In its 15 months of service, NASA’s TESS exoplanet-hunting satellite has racked up many exciting exoplanet discoveries, but few show promise in the search for extraterrestrial life. Most of the new worlds are either too hot or too cold — or are composed primarily of gas rather than rock — and are unlikely to support life as we know it.
However, a newly-discovered planet orbiting a star close to Earth is one of the rare exceptions, and it’s showing some serious promise for researchers to who dream of finding life in space. The planet, called GJ 357 d, is significantly larger than Earth, but may have what it takes to support liquid water on its surface, dramatically increasing its potential to foster life.
Researchers studying the star GJ 357 were trying to confirm the existence of its first-discovered planet, GJ 357 b, when they noticed two other planets orbiting the same star.
GJ 357 b is being called a “hot Earth,” meaning that it’s rocky and roughly Earth-sized, but far too close to its star to host life as we know it. The more distant of the two additional planets discovered by astronomers, GJ 357 d, would be much more comfortable, and if it has a suitable atmosphere it may be a lot like Earth.
“GJ 357 d is located within the outer edge of its star’s habitable zone, where it receives about the same amount of stellar energy from its star as Mars does from the Sun,” Diana Kossakowski of the Max Planck Institute for Astronomy, co-author of a paper describing the new planets, said in a statement. “If the planet has a dense atmosphere, which will take future studies to determine, it could trap enough heat to warm the planet and allow liquid water on its surface.”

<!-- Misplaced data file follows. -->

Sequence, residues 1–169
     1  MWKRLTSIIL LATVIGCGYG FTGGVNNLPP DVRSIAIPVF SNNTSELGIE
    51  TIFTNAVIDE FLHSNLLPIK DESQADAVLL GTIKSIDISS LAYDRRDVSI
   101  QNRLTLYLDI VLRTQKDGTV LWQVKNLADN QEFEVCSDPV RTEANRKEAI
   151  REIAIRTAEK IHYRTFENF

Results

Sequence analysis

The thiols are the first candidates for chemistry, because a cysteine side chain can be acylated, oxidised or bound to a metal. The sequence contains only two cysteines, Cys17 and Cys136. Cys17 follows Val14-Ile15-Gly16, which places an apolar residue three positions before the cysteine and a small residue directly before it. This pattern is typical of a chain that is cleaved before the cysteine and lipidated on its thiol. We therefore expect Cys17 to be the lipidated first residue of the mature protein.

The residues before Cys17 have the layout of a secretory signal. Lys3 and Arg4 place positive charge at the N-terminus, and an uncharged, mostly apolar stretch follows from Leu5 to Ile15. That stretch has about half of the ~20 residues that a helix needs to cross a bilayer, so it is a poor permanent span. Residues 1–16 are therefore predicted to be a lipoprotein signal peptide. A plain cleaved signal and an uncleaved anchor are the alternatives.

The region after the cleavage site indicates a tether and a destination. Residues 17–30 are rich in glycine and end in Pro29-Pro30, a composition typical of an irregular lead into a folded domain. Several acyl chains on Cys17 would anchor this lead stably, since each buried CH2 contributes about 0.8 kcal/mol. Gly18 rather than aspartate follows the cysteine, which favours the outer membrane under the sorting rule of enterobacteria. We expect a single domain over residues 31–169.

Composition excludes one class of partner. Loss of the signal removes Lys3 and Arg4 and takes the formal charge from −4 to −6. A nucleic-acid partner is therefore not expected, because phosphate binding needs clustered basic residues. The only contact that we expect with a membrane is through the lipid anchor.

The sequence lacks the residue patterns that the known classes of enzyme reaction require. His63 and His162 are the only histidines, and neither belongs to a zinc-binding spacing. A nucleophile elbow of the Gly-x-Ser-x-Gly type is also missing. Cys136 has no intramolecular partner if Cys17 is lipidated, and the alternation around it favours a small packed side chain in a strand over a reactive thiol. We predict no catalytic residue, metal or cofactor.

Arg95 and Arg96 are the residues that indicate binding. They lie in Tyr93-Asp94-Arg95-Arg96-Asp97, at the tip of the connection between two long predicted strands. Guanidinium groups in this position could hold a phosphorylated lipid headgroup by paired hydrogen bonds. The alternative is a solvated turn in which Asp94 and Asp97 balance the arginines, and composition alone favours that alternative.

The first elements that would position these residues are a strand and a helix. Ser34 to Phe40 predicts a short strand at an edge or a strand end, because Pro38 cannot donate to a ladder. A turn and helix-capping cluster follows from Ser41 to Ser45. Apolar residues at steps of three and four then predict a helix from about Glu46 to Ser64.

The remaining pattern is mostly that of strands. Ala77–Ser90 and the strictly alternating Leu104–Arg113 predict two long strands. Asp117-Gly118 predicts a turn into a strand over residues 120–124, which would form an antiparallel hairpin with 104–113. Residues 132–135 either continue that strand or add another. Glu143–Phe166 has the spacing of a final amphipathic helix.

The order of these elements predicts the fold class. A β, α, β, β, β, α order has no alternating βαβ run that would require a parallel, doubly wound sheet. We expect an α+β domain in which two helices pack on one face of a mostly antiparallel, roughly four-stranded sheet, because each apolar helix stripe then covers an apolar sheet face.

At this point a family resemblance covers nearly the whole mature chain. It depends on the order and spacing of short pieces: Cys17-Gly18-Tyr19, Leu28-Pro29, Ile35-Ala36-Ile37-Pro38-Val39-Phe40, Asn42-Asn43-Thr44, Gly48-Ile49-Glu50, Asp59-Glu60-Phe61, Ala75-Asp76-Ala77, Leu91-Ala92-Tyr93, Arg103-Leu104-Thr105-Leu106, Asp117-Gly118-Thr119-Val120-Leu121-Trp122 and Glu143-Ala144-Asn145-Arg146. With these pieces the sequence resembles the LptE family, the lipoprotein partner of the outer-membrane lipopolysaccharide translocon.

Liquid water, scientists believe, is crucial for life to take root, but even if the newly-discovered “super Earth” has liquid water that doesn’t necessarily mean it’s guaranteed to support life. Scientists can only theorize what conditions resulted in life forming on Earth, and search for what they think is the right combination of ingredients.
GJ 357 sits around 31 light-years from Earth, which is closer than many of the stars known to host exoplanets. Still, we’ll have to study it from afar for now, as we don’t really have any way of getting closer.